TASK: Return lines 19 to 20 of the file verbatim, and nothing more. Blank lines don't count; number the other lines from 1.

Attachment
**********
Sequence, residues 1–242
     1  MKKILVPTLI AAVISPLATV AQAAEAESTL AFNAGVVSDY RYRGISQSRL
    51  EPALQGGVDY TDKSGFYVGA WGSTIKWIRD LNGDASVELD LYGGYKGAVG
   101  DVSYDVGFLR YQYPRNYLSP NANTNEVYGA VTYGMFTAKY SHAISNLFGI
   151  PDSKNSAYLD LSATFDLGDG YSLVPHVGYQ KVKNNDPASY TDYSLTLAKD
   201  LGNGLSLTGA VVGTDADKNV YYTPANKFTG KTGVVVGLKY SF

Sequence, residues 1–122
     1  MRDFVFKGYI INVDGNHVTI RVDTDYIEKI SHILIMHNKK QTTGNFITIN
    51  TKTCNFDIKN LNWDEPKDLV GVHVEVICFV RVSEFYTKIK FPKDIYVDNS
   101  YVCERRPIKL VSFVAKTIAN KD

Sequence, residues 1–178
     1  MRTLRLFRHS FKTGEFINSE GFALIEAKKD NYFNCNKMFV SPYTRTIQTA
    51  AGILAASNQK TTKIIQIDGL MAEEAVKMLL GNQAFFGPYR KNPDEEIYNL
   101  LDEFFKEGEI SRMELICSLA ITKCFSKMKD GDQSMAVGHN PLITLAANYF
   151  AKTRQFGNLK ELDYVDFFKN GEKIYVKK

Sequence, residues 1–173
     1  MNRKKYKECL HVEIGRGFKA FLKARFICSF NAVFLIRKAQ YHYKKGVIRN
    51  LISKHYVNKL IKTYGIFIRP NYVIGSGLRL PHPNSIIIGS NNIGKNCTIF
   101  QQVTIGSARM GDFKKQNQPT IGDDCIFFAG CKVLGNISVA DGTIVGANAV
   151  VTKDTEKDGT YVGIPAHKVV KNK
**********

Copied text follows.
   101  QQVTIGSARM GDFKKQNQPT IGDDCIFFAG CKVLGNISVA DGTIVGANAV
   151  VTKDTEKDGT YVGIPAHKVV KNK